As you use the Annotation window, you'll learn a lot of other neat tricks. Here are a few suggestions, tips, and caveats:

That last point allows me to make a nice segué into our next topic: symbolic chess notation. This notational form was developed in the 1960's for use in the Chess Informant and the Encyclopedia of Chess Openings, European publications which are distributed worldwide. A few brainy mugs figured out a neat way to bypass the hassles (and expense) of printing multiple editions in different languages: create a form of notation in which symbols take the place of common chess terms and concepts. This allowed them to publish books which were essentially languageless -- other than the game citations (players/tournament/year), the only text appears at the start of the book, in which the symbols are listed with their meanings given in a dozen different languages. If you're playing through a game and come across a symbol you don't understand, you flip to the front of the book, look it up, and see what it means. This also had the benefit of saving space: instead of "White is slightly ahead" (23 characters, if you count the spaces), you can say the same thing with just a single character.

Over the years, this symbolic notation has become the standard language of chess worldwide. It doesn't matter whether you're from Missouri or Moldavia, the symbol with a little plus sign over an equal sign means that White is slightly ahead in the position.

Now I can already hear a few people groaning: "But I don't want to have to learn those symbols!" Do you want to have access to the full range of available chess annotations? Do you want to try to become a better player? Then learn 'em. Period. Learning to tie your shoes when you were five years old was a real grind, too, but you learned -- and it's second nature to you now. Symbolic chess notation's exactly the same. I'm not the sharpest knife in the drawer by a long shot, but I learned 'em. Oh, once in a great while I have to look one up here and there, but I know most of them by heart. If I can do it, you can do it.

And, believe it or not, the proper use of symbolic notation by an annotator is almost an art in itself. I'll freely admit that I've seen lots of games annotated in symbolic form that didn't teach me a danged thing -- but it's the annotator's fault, not an inherent flaw in the concept itself. Do you want to know who was the absolute freaking king of the symbolic annotators? Miguel Najdorf, that's who. That guy could teach you more with a dozen or so symbols sprinkled through a game than some people can with eight pages of verbal commentary. If you've got an old copy of The Chess Player #2 lying around, for example, check out some of the games Najdorf annotated using nothing but symbolic notation. I was positively blown away by them. Sometimes less really is more.

All right, let's get down to work. To find the list of symbols and what they mean in the Help files, just follow the instructions given earlier in this article. Print them out and keep them handy. Over time (and it really won't take as long as you might think it will) these symbols will become second nature to you.

Let's have another look at the Annotation palette (introduced in last week's ETN):

Open this palette as described earlier in this article. Note that the bulk of this palette consists of buttons for the various commentary symbols. You can attach these directly to a move without opening the text annotation window: click on the move to which you want to attach a symbol, then click on the button for that symbol in the palette. You'll see the symbol appear in the gamescore, either righnt before or after the move (whichever is appropriate for that symbol).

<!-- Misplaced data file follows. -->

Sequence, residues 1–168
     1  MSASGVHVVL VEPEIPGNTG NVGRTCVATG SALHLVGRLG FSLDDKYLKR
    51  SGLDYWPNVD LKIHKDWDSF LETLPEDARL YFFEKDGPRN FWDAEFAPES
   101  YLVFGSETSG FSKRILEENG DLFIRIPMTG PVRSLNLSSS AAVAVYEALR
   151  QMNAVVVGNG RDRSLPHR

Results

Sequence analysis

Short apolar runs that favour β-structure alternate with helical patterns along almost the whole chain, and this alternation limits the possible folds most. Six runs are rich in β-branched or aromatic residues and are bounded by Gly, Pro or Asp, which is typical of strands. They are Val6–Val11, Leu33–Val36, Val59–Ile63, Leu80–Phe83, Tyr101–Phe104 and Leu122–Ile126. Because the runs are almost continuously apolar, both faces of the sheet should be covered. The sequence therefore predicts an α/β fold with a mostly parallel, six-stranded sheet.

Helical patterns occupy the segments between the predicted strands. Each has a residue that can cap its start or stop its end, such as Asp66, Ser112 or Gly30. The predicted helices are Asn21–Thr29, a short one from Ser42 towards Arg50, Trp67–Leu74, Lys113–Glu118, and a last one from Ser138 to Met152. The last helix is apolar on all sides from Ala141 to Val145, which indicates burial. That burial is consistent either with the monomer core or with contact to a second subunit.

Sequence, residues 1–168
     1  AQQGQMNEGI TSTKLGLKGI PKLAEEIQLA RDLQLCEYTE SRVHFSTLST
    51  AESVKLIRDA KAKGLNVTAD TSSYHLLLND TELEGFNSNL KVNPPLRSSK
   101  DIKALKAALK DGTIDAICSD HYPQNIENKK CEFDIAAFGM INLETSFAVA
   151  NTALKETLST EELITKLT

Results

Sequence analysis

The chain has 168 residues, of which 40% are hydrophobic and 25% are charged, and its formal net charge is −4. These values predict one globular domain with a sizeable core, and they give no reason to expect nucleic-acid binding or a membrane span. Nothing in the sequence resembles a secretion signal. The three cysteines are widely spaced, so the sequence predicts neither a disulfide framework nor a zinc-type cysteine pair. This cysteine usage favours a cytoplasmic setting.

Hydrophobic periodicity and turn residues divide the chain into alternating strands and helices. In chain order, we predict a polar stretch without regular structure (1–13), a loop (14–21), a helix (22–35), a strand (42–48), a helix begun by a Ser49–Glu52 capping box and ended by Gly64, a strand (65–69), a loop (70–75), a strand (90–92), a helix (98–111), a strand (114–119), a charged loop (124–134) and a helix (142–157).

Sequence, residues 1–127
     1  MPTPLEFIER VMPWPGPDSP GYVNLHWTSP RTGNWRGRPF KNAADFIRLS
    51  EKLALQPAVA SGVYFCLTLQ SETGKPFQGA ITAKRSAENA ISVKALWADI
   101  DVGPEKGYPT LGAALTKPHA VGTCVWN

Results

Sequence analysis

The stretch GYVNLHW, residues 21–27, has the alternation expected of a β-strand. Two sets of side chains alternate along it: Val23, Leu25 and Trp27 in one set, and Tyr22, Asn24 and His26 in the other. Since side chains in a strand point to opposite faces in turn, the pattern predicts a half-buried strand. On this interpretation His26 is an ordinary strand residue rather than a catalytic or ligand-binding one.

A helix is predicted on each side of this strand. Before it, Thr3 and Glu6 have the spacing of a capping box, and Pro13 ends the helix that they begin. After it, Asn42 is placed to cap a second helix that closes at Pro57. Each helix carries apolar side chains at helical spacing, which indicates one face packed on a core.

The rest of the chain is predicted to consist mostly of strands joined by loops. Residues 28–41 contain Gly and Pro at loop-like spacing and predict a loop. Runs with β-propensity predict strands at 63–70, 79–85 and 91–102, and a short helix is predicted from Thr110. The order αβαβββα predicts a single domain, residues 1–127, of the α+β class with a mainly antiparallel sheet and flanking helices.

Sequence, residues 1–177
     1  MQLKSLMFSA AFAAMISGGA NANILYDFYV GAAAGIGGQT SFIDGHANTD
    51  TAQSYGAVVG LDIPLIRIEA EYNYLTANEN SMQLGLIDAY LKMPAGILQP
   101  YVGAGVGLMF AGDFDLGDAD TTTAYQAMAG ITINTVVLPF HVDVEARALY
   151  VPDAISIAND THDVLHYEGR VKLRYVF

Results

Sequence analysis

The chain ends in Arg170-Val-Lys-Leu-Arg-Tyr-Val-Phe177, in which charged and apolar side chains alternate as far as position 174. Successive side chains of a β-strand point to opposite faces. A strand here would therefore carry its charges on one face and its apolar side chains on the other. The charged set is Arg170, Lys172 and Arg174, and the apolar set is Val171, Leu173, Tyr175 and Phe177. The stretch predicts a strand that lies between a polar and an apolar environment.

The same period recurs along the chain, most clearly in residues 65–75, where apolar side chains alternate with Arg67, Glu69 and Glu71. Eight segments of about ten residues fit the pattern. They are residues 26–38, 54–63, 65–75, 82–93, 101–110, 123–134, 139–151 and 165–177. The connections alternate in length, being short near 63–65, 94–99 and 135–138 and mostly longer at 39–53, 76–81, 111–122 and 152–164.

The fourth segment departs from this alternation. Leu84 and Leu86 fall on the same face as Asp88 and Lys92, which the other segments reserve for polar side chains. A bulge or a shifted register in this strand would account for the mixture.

Note, though, that you can't go hog-wild by using multiple symbols for the same move. At best, you'll be able to use three symbols for a particular move: one diacritical symbol (the ! and ? symbols for "good move", "bad move", etc.), one other symbol after the move (like an evaluation symbol for "Black is winning"), and one symbol before the move (such as the "better is" symbol). If you need to use a bunch of commentary symbols after a move, open the text annotation window and insert the symbols using the keyboard shortcuts.

Any replayable move (see last week's ETN), regardless of whether it's a main line move or a variation, can be annotated using these symbols.

A quick note regarding two of the buttons on the Annotation palette. "None" is a quick way to remove all symbols from a particular move. This is handy for when you screw up and insert the wrong symbols, or just plain change your mind. Note that this button removes all symbolic commentary from a move, not just the last one you clicked on. If you accidentally choose the wrong symbol by clicking on the wrong button, just click on the symbol you really want -- the incorrect one will be replaced by the right one. "None" is for those cases when you louse up and slap a symbol onto White's 15th move when you meant to attach it to Black's 15th. The "RR" button is a dinosaur. "RR" is the symbol for "editorial comment"; commentary symbols are by definition editorial comments, so I really don't see the point. It would be like saying "Heads up! I'm gonna comment now!" The only reason for using it (as far as I can see) is to clearly delineate added variations from the main line moves if you're going to be using the commented game in print form and are going to be printing everything in a "block" instead of starting a new line for variations or comments (and starting a new line is the standard form in most print publications).

You can also right-click on a move to bring up a popup menu. Three commands in this menu will display submenus for the various commentary symbols; click on one to add it to the selected move. Note that these three commands correspond to the three "categories" of symbols I alluded to above -- you can select a maximum of one symbol from each of these three categories, but no more.

Now we're getting somewhere! We can now add variations, commentary, and symbolic notation to a gamescore. But there are a lot of other forms of non-verbal commentary that we can add to a game. We'll look at these in next week's ETN. Until then, have fun!

You can e-mail me with your comments, suggestions, and analysis for Electronic T-Notes.